Much depends upon what's in the course. 25 MB .mbz is really a zip so it's actually/probably a little larger than that depending upon the resources/files contained in the course. Then there are modules which do require more processing by the shear nature of the mod ... like quiz. How many quizzes does the course contain?
Are there any external resources ... items that are being pulled into the course from another server?
Suggest experimenting with the backup of the course ... when you get to a the form to select/elect what resources in the course to backup, exclude all quizzes. Name the backup with some indication in the file name. Example: a no user backup tacks onto the end of the file name (before the .mbz extension) a '-nu' - meaning 'no users'. So if you have excluded all quizzes, at the end of the backup file name add '-nq' so when you inspect them locally you'll know what the backup is supposed to exclude.
A .mbz backup is a zip. Suggest downloading the .mbz backup, changing the extension to a .zip and unzip it in a local test folder. Un-zip it there and inspect contents ... check out the files.xml file to see the humanly recognizable file names and the file sizes ... found in the files_dir of the extracted backup.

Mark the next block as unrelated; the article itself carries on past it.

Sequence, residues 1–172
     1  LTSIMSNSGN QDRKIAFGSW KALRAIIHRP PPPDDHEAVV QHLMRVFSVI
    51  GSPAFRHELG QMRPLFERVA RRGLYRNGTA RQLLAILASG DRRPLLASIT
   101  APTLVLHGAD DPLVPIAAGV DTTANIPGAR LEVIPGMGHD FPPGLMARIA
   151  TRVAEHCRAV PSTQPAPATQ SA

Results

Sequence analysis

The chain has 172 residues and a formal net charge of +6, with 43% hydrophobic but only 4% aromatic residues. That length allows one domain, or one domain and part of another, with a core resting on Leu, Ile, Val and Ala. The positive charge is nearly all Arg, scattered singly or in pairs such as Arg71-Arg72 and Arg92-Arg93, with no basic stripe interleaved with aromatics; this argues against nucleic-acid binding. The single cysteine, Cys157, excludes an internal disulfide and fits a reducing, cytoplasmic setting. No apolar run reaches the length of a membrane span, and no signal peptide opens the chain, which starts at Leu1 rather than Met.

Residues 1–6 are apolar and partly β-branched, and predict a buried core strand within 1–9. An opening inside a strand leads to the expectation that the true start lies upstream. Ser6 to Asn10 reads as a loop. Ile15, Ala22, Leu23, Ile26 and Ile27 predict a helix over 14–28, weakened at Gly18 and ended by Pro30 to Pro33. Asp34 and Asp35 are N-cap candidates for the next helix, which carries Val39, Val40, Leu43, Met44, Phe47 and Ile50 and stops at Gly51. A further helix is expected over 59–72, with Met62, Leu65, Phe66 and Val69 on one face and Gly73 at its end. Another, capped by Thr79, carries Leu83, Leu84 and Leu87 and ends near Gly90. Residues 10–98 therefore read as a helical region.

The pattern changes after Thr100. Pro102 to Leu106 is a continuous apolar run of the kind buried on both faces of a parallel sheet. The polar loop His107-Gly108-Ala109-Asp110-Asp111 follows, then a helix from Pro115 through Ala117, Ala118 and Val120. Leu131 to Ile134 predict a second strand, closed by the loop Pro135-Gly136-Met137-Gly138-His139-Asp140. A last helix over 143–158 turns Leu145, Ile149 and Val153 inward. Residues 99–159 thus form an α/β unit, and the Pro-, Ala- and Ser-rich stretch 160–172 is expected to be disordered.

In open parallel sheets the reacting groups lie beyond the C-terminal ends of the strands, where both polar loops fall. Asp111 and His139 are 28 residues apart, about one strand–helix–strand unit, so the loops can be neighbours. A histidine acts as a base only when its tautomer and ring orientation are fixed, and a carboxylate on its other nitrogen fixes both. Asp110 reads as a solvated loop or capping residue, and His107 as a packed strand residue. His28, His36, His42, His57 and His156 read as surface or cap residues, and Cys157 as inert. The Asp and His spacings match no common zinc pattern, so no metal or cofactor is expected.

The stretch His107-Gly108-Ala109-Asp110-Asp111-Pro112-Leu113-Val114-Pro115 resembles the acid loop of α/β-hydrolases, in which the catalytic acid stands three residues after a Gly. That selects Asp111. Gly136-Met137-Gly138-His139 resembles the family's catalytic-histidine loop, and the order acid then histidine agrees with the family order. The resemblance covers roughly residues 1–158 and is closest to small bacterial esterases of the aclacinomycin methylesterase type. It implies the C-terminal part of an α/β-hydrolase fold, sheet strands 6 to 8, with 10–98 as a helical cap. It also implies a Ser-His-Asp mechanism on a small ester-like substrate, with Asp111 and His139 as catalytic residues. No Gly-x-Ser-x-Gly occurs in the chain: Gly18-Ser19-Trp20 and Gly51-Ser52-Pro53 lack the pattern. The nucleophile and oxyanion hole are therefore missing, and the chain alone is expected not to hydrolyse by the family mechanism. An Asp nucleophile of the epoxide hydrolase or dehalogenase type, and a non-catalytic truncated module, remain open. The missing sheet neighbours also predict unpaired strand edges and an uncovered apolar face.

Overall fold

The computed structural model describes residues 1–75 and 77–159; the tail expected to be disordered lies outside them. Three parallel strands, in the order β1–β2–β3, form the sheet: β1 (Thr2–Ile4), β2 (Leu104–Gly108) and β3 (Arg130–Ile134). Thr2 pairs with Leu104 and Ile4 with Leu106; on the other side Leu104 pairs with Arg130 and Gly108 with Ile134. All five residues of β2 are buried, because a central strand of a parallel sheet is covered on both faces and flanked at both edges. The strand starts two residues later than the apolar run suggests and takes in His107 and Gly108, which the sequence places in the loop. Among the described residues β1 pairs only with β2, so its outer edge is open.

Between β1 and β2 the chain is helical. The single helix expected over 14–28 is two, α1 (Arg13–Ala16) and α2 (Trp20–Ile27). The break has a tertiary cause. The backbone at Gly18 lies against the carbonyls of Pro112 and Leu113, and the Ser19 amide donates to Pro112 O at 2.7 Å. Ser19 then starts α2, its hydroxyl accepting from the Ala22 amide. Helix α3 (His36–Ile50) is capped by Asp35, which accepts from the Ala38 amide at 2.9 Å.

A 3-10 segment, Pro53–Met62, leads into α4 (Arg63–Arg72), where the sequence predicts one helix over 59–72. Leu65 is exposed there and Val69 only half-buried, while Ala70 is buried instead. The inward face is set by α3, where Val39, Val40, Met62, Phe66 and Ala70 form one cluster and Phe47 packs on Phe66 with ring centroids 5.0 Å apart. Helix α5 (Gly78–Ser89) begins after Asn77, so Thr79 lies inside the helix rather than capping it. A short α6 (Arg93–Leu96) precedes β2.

Also suggest doing this ... since you have Ubuntu you have command line - ssh access. As root user:
Then issue a 'watch' command: watch "ls -lR" [ENTER] That will refresh every 2 seconds.
Then, using a browser, access a course and run a backup.
Look back at the terminal window to see what the backup is doing.
You'll be able to tell in both windows what part of the backup is taking so long.
BTW, int e terminal screen, Moodle must create a moodle_backup.xml file as that serves as a map of the contents of the backup. The larger that file is/becomes, the larger the course.
On the other side of the coin, at least your backups are completing (ie, no failing). Yes, we all have 'instant gratification syndrome' today. Between slow and completing (even though it takes time) I'd prefer the latter.
Also, zipping/unzipping could be heavy process on your server. What else is the server doing at the times you are creating these backups? Are the courses being accessed still? Any other server services kicking in that use resources? Part of your backup routine is getting an sql dump from the DB. The bottle neck might also be the speed at which the data is extracted from the DB server. Is MySQL server on local host? or is DB server remote? Have you run anything to check the performance of your DB? mysqltuner for example? Could be you are in need of some MySQL tweaks.
'spirit of sharing', Ken